Several studies conducted among different racial and geographical population groups have demonstrated the increased prevalence of variations in the canal configurations of the maxillary premolars.[2],[5],[6],[7] Despite the enigmatic presentation of root form and canal morphology in the case of maxillary first premolar (Mx1PM), very few studies have been conducted among Indian population groups concerning the same[8],[9],[10],[11],[12],[13],[14] [Table 1].
Table 1: Litrature review summary of previous investigations in various population

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The Indian population has an amalgamation of racial features and multiple ethnicities. American anthropologist Carleton Coon reported that “India is the easternmost outpost of the Caucasian racial region” and defined the Indid race that occupies the Indian subcontinent as beginning in the Khyber pass.[23],[24] While the northern populations are deemed to be Indo-Aryans, the southern populations of India are called as Dravidian and present with their own unique and distinguishable traits.[25]

Interestingly, our literature review revealed that few studies have been conducted to study the root and canal anatomy of (Mx1PM) among the south Indian subpopulations of Dravidian descent.[8],[12],[14] In addition, to our knowledge, no CBCT study has been conducted to study the anatomy of Mx1PM among an Indian Dravidian subpopulation group till date.

Therefore, the current study aims to evaluate the number of roots and internal anatomy of the Mx1PM in an Indian Dravidian subpopulation employing CBCT as a diagnostic tool.

   Methods Top

This study was approved by the institutional ethics committee (Protocol no. 15106).The sample size was set at 400, which was calculated using the formula with 95% confidence level and 80% power with respect to P = 50.[5] CBCT records of 200 patients who were prescribed CBCT scans as an adjunctive diagnostic tool during routine dental treatment at the dental school were retrospectively reviewed. A total of 400 Mx1PM from these CBCT records were scrutinized.

Scans that showed intact, fully developed Mx1PM bilaterally were included, and teeth that were compromised by physiological or pathological processes or where the original root anatomy was not precise were excluded.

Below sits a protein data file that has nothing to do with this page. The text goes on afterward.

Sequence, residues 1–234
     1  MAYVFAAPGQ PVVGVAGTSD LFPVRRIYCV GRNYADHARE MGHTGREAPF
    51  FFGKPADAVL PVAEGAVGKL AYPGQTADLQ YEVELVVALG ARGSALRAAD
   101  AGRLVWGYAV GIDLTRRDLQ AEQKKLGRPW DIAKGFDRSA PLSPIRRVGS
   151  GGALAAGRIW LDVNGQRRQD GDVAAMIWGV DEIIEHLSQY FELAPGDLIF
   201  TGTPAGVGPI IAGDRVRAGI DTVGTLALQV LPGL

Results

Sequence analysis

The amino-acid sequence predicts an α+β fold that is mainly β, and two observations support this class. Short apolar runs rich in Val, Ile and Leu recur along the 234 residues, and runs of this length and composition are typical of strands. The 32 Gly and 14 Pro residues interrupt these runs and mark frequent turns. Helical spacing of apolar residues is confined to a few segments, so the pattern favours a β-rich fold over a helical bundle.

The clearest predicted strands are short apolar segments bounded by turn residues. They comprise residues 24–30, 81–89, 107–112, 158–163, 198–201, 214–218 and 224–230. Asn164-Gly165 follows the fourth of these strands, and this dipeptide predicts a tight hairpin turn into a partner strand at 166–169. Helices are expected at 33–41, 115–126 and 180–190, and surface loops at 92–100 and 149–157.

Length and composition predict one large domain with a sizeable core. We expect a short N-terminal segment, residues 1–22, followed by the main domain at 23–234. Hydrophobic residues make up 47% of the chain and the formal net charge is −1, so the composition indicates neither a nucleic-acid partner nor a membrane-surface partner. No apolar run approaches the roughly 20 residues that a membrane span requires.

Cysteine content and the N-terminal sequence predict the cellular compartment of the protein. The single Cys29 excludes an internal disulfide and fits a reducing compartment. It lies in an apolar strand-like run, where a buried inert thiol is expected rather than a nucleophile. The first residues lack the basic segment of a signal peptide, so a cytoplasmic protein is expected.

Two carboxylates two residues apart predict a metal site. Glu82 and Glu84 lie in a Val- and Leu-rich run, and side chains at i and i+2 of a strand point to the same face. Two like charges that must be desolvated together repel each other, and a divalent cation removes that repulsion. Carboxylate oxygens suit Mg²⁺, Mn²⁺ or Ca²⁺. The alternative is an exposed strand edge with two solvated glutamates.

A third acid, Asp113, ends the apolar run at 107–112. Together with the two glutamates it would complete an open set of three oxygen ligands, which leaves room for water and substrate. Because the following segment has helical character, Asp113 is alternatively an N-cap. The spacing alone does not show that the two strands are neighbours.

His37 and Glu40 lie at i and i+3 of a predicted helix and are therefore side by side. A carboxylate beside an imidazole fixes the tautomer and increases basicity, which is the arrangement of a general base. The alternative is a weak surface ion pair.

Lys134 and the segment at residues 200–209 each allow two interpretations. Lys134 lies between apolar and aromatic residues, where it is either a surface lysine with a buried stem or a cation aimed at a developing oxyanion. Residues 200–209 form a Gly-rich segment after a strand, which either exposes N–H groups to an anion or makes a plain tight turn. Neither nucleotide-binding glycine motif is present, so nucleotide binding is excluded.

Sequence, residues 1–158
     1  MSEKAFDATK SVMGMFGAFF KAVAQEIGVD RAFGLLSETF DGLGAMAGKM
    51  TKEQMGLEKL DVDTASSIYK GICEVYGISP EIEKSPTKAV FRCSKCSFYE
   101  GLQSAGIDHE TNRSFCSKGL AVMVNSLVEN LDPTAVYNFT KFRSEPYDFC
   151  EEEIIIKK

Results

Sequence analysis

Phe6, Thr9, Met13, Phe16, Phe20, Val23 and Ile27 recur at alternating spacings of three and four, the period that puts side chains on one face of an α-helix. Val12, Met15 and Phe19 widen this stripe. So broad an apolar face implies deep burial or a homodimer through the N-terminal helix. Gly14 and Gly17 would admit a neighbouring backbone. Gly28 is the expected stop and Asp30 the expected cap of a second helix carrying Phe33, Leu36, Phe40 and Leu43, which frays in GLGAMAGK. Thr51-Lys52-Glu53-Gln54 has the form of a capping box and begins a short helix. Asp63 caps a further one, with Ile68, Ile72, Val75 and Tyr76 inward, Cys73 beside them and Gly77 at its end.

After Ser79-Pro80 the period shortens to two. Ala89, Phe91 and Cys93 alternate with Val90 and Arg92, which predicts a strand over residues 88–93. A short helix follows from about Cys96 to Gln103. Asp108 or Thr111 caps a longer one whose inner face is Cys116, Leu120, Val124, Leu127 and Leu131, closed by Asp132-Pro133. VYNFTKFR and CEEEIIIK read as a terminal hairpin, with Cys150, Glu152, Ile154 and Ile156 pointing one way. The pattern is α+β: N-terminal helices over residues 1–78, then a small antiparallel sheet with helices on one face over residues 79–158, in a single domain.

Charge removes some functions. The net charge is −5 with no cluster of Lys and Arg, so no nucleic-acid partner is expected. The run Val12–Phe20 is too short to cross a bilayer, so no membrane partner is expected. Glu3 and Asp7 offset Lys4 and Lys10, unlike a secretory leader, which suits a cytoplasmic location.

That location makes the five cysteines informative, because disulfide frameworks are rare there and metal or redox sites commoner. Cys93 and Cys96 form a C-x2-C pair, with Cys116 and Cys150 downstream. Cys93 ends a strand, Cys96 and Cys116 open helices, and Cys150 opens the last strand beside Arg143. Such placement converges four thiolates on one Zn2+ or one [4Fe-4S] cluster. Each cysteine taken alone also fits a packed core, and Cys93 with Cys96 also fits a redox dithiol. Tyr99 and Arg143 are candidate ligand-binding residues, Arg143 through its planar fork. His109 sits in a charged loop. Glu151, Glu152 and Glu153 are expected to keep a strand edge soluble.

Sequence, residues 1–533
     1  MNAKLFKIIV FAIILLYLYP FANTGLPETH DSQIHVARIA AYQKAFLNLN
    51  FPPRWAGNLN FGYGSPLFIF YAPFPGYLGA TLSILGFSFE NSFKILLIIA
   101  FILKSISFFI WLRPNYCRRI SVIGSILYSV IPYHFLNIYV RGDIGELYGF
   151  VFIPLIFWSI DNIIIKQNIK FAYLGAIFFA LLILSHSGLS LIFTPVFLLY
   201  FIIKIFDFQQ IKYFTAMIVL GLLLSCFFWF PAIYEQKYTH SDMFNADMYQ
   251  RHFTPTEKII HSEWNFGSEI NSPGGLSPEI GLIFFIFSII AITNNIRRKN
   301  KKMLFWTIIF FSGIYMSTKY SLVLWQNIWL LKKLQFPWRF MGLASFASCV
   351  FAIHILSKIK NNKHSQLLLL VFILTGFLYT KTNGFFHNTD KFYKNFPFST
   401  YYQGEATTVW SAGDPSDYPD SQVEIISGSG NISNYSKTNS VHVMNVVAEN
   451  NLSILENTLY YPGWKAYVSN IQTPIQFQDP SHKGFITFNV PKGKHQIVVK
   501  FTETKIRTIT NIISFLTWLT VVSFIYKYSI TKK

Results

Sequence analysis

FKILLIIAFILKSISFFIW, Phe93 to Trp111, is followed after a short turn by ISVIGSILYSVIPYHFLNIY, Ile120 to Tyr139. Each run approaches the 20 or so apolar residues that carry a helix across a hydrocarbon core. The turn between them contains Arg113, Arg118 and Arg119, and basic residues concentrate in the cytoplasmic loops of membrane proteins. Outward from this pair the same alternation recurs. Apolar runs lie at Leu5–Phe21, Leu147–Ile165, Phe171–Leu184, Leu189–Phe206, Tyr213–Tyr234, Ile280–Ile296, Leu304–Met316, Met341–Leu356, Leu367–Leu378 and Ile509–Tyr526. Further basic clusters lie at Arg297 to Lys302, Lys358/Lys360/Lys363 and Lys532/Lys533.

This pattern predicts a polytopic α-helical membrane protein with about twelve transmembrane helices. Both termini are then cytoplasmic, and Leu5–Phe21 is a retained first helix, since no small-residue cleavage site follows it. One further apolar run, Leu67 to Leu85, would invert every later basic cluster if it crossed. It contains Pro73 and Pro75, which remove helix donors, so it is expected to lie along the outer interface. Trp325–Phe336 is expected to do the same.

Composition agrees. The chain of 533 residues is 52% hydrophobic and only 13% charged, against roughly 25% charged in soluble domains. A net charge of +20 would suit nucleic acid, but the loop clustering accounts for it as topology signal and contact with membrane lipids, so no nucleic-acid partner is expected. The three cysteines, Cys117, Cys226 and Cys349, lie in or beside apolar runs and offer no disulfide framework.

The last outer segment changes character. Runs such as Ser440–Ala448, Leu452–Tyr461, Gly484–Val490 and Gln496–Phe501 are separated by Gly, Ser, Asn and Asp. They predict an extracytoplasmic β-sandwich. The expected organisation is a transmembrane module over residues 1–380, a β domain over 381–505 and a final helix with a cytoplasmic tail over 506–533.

Radiologic evaluation

The CBCT images were selected from the database of the Planmeca Promax 3D mid unit imaging system (Planmeca Oy, Helsinki, Finland). The CBCT images were taken with operating parameters set at 5.6 mA, 90 kV, and 27 s exposure time for small FOV, 8 mA, 90 kV, and 12 s exposure time for medium FOV. Romexis Viewer software was used to analyze images on a 21-inch LCD Dell monitor with a resolution of 1024 × 768 pixels (Dell Computer Corporation, Round Rock, TX, USA). The saturation and brightness of the scans were adjusted by means of a processing tool in the software to ensure optimum visualization. The CBCT images were examined by two endodontists individually. Each scan was studied in the coronal, sagittal, and axial views. The images were scrolled from buccal to palatal, mesial to distal, and from CEJ to apex to evaluate the canal morphology [Figure 1].
Figure 1: Cone-beam computed tomographic images showing Vertucci's Type II canal configuration in maxillary first premolar – (a) Axial section showing two orifices, (b) saggittal section showing two separate canals from the cementoenamel junction then joining into a single canal toward the apical third (c) coronal section showing the single-root premolar

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The following details were documented and analyzed:

  1. Tooth position relative to the side of the arch
  2. Number of roots, categorized as per the guidelines stated by Pécora et al.[5]
  3. Canal configuration, classified as per the Vertucci's criteria.

Statistical analysis